Top of the lago: a saunter around the Italian lakes

Close to the summit of Monte Mottarone, we sit in silence soaking up the 360-degree views. To the east, far below, sparkles Lake Maggiore. A handful of other lakes shimmer in the late-afternoon sunlight, while layer upon layer of rolling hills and the jagged snow-capped Alps melt into the horizon. We’re lucky: the bright, cloudless skies are a boon, and I’d be hard pushed to namecheck a more beautiful landscape.

There’s easy access to this north Italian panorama via the 20-minute cable car ride from the lakeside town of Stresa. My friend and I, however, are on a walking holiday between Lakes Maggiore and Orta, so arrive on foot after a four-hour hike from Alpino, the cable car’s half-way stop.

At almost 1,500 metres, Mottarone is a popular skiing spot in winter – the ski club here, one of the first in Italy, was founded in 1909 – and we pass under a toboggan and ski lift before Villa Pizzini, a restaurant with rooms near the mountaintop, comes into sight and our day’s hike is done.

“You’ve earned your dinner,” says owner Ivan Fiorilla as we check in. There’s a surprising south London twang to his accent – he lived in Peckham for years before returning to Italy to open this place with girlfriend Sabina (an architect turned self-taught chef) in 2015.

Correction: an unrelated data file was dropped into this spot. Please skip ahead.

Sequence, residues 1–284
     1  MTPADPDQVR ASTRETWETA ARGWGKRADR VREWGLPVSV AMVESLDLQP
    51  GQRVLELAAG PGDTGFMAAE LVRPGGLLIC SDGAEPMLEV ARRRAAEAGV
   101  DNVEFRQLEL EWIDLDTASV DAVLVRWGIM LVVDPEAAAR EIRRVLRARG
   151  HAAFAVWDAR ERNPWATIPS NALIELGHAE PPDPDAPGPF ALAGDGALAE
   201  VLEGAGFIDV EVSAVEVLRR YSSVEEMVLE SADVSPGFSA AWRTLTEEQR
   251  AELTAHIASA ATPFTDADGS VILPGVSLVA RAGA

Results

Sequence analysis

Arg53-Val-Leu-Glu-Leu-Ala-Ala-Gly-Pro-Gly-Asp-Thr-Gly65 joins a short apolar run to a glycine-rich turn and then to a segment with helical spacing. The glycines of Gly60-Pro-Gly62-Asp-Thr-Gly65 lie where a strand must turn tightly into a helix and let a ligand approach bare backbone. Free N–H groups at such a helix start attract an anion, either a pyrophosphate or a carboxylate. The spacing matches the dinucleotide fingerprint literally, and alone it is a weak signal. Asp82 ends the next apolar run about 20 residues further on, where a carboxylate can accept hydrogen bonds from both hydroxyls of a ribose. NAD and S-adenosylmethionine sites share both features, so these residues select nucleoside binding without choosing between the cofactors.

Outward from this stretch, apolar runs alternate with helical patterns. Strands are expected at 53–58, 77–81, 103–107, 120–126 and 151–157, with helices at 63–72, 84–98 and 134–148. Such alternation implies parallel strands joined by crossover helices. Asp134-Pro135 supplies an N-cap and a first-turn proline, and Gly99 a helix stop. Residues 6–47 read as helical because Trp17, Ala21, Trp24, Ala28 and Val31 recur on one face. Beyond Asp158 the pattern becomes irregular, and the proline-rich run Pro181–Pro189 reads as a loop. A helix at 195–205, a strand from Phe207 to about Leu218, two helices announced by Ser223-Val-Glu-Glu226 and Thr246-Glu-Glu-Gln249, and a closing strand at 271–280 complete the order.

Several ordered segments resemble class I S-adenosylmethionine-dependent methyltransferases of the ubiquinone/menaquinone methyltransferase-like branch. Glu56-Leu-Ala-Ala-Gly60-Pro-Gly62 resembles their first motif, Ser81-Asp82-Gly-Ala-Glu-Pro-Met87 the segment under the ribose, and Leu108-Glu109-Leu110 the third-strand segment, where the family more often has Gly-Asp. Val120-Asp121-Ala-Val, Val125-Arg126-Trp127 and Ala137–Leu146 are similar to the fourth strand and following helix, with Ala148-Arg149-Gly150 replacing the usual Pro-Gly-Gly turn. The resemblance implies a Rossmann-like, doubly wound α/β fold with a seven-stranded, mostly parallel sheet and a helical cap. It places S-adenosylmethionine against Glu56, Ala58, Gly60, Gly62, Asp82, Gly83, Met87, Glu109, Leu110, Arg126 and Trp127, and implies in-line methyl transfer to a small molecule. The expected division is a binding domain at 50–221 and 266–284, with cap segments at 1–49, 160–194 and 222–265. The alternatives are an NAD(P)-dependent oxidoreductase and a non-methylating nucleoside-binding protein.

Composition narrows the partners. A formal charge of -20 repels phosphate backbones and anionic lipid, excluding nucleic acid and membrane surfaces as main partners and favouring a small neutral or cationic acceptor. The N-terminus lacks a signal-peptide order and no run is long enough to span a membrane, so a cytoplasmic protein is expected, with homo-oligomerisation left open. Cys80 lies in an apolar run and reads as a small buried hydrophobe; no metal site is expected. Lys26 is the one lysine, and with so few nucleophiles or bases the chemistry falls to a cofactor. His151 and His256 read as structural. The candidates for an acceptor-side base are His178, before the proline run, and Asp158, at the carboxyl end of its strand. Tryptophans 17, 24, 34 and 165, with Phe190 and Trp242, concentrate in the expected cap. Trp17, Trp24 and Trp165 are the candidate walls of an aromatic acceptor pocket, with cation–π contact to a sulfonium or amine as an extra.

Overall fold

It took the couple a year-and-a -half to renovate the abandoned 19th-century hunting lodge. There are five comfy rooms and the forested setting overlooking Maggiore is spectacular, but it’s the cuisine – using produce from their own gardens and local farmers – that people come for. That night we devour velvety pumpkin and chestnut soup, beetroot pasta with goats’ cheese, and mushroom mille foglie with delicious Piedmont wine (the extensive list features 100 from this region alone). It’s an intimate space with just 28 covers, and with a four-course tasting menu for €40 (or €52 for six courses), it’s good value too.

From up here we can see Isola dei Pescatori, the island in Lake Maggiore where we’d stayed the previous night. One of the three Borromean islands, it’s a short boat ride from Stresa and at sunset its cobbled streets were almost deserted, the day-trippers gone.

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